You want to put all that you can in place to raise your viral coefficient which not only makes it easier for people to refer others but also entices them to do so.
But how do you do that?
A great method to use is the ‘tweetable’. A tweetable is just a quote within your post that is highlighted and is suitable for a tweet.
It comes with a button next to it that invites your readers to retweet that quote. The tweet has a link back to that post. This is a quick and easy method of raising the viral coefficient of your posts.
You can use tools like ‘Social Warfare‘ or ‘Click to Tweet‘ to get this done.
Using tweetables is also another great way of making your quotes stand out visually. They highlight your content to make it easier for those who are just scanning the post to see it.
Here are more ways of increasing the virality of your blog posts:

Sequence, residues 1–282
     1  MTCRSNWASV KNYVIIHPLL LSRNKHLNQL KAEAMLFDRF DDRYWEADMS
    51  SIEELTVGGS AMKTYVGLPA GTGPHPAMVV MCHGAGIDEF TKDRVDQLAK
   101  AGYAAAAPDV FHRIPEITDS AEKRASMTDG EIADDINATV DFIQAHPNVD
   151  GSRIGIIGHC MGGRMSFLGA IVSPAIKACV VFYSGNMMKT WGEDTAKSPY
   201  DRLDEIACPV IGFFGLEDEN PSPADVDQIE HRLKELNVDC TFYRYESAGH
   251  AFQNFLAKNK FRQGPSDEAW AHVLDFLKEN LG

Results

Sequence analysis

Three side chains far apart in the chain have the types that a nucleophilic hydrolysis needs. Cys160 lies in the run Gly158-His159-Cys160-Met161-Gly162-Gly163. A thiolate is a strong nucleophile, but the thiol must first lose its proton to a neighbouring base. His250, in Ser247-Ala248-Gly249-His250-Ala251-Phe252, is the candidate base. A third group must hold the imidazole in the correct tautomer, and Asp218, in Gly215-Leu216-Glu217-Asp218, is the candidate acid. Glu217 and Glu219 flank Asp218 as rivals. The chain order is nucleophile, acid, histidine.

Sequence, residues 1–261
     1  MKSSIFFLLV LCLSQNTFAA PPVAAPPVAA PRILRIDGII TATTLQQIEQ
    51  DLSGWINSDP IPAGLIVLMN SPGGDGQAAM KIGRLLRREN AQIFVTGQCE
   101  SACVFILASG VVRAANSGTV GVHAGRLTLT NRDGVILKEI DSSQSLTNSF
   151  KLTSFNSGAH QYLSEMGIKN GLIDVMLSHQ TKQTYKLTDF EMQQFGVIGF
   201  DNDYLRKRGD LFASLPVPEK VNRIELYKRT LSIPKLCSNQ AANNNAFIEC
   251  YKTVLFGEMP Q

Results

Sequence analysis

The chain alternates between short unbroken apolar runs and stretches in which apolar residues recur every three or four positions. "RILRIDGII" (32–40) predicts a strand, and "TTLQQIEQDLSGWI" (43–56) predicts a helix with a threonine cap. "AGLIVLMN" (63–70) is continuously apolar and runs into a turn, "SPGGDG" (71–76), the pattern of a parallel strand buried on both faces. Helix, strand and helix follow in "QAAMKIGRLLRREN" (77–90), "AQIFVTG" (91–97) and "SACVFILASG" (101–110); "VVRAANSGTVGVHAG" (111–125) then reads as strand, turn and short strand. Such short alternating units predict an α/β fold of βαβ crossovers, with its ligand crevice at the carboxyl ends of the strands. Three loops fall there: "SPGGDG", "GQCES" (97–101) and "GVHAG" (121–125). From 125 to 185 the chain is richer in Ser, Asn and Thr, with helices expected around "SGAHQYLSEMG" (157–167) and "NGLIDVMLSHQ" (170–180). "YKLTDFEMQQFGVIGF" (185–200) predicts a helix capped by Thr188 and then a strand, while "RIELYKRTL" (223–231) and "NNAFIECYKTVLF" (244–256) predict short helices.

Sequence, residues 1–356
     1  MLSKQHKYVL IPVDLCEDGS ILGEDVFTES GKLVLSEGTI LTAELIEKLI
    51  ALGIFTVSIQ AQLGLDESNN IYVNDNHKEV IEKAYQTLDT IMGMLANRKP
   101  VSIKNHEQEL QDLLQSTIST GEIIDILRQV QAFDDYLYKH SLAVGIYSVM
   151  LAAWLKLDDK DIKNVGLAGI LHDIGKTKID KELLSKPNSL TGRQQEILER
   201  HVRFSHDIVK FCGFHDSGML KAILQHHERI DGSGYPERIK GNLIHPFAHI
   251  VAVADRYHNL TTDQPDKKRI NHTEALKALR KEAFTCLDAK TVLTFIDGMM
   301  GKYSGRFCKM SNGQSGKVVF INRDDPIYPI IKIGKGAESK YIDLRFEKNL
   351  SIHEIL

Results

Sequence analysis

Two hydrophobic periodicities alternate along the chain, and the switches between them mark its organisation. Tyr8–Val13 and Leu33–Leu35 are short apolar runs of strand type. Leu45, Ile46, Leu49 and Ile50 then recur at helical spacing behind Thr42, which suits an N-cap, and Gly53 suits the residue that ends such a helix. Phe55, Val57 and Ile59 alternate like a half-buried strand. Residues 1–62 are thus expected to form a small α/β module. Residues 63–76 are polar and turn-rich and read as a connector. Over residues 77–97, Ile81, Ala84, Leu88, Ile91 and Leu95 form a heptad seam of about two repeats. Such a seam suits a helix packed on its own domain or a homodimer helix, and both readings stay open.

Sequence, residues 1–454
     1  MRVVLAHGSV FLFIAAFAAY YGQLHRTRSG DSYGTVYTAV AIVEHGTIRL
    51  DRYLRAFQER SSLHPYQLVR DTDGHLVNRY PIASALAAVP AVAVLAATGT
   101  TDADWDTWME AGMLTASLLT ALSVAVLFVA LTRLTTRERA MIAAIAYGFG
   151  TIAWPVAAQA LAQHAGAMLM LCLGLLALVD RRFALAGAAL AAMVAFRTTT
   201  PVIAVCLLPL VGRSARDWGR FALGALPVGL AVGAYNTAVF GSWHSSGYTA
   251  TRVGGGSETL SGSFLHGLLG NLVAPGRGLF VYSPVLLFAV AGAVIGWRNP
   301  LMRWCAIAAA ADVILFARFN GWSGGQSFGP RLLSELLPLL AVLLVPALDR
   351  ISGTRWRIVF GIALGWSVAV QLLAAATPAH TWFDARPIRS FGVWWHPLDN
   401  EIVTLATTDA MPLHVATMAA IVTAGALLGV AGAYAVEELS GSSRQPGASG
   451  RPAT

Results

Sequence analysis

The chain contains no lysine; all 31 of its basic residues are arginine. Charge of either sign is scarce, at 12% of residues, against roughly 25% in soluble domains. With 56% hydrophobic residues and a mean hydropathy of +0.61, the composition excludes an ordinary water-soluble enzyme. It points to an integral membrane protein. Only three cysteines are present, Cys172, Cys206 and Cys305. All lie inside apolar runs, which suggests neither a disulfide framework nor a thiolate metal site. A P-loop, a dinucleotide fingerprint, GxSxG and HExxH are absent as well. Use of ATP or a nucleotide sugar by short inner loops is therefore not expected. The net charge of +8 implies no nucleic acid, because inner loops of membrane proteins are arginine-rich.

- Create an info graphic for the post. These are quite popular and get shared a lot on Pinterest.
- Run some kind of contest on your blog post. One of the conditions for entering should be to share the post.
- Present a call to action to all of your commenters and ask them to share the post. You can use a tool like Thrive Themes to get this done.
- Create a content upgrade and ask people to share the post in order to unlock access to the upgrade.
While there’s no guarantee that your post will go viral even if you do all of these things, it still helps to set the stage so that it could occur.
The major thing that underlies all this is that your content has to inspire people to share it in the first place.
9. The Call To Action or Opt-In